by Janice Jones |Last Updated 02-09-2020
You wouldn’t think dandruff in dogs to be a problem, but it can be common in the Shih Tzu breed and many others as well.
Known formally as seborrhea sicca, it is often the first symptom we see in dogs with dry skin.
Dead skin cells flake off in large quantities causing dandruff and creating those white specks in the hair that is easy to observe.
The human eye cannot see one dead skin cell, but when large amounts are shed at the same time, they will clump together producing the noticeable flakes.
Dandruff is, of course, more noticeable on black or dark colored Shih Tzu and sometimes nearly impossible to see on white Shih Tzu dogs.
Everyone sheds microscopic skin cells, but dandruff occurs when more dead skin cells are shed than the usual.
There are a variety of conditions that can cause dandruff.
The most common reason, however, it tends to have that “chicken versus egg” effect. Dry skin might not cause dandruff, but if the dog has dandruff, dry skin can develop or worsen. Dry skin can make the dog very itchy.
Excessive scratching can lead to redness and even bleeding. When there is a break in the skin, bacteria can invade causing more inflammation and more itchiness.
Cold Weather: If dandruff seems to be a seasonal problem, it is likely due to cold temperatures and dry air.
Home heating can cause everyone’s skin to dry out. A humidifier can help with this in the winter.
Arid climates where there is little humidity in the air tend to create the right conditions for dry skin and dandruff.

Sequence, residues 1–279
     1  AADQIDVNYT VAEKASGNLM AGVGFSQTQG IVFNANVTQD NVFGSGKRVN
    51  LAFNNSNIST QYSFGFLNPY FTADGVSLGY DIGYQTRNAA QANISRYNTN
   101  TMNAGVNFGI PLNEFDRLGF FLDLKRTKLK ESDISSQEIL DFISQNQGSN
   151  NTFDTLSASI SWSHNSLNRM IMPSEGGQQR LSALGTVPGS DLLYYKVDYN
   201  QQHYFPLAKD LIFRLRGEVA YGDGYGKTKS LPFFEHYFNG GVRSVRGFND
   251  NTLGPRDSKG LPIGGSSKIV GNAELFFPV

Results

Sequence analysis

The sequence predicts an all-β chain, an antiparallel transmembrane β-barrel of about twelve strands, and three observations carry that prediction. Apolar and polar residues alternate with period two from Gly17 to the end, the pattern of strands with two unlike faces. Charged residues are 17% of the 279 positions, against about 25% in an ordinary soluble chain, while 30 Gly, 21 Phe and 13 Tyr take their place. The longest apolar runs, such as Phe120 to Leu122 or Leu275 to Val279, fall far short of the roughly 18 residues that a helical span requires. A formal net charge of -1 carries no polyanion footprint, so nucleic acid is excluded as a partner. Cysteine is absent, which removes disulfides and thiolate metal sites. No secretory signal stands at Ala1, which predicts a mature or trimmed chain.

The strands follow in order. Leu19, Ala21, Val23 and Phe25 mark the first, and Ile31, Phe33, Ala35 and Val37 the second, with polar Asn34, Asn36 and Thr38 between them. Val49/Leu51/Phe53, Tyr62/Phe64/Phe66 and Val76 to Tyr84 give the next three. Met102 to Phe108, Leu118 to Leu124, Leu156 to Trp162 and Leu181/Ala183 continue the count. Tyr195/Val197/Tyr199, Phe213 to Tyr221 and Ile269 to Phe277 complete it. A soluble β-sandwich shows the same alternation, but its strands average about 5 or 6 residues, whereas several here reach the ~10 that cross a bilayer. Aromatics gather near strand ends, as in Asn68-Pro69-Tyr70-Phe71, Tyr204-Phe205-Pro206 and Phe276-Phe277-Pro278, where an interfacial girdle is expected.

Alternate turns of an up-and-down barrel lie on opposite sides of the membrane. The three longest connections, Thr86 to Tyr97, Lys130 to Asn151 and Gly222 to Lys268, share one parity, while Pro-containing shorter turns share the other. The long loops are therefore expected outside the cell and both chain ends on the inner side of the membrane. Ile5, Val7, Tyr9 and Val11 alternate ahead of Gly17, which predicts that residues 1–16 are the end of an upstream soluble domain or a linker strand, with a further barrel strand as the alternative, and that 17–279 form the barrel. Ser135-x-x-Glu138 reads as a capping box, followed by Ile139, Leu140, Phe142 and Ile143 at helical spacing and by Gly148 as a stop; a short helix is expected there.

Allergies and intolerance to different types of food can trigger dry skin which leads to dandruff.
There is likely a genetic component although this has not been adequately studied.
You may be brushing your Shih Tzu daily, but if you are not getting down to the skin, dead skin cells may be trapped along with small mats. Using a metal comb after brushing may help some.
Hormonal Imbalances such as hypothyroidism or hyperthyroidism may be an underlying cause of the problem.
The most prominent sign is the flakes you see on your dog’s hair coat, but other problems may also be present.
Scratching and Chewing
Some dogs will scratch or chew on their coat. Some will rub their body against a surface or roll on the carpet or ground. They are trying to relieve the itchy sensation they are feeling. This can be confusing because our first inclination when the dog scratches to suspect fleas. There may be no other noticeable skin irritations at least initially.
Redness and Inflammation of the Skin
If the dog continues to scratch or irritate areas on his body, you may notice redness.
Repeated scratching may cause the coat to thin. In severe cases, small bald patches may develop
A Shih Tzu dog normally has no odor unless you use a strong shampoo or other hair care product. Some dandruff may be the result of oily skin. When the body produces too much oil and sheds more skin cells, the combination can produce a rather unpleasant body odor.
Often a few treatments are enough to completely rid the dog of dandruff. Some dogs, however, seem to have a chronic problem where excessive dead skin cells are continually being produced and shedding.
The first recommendation is to find a high-quality canine dandruff shampoo. Do not use human shampoo as human products are likely to make the problem worse.
Shampoos that treat dandruff are either going to contain natural ingredients or will have ingredients such as miconazole nitrate or chlorhexidine gluconate.
A good shampoo will remove the dandruff flakes, soothe the itch, and add some moisture. Some will contain a degreaser that will eliminate some of the excess oil. Following the shampoo, a good quality conditioner should be used. Each time you brush, spray the coat with a leave-in conditioner.
Bathing no more than once per week is recommended, and it is always a good idea to take your time and provide a good body massage while the shampoo is left on to do its thing.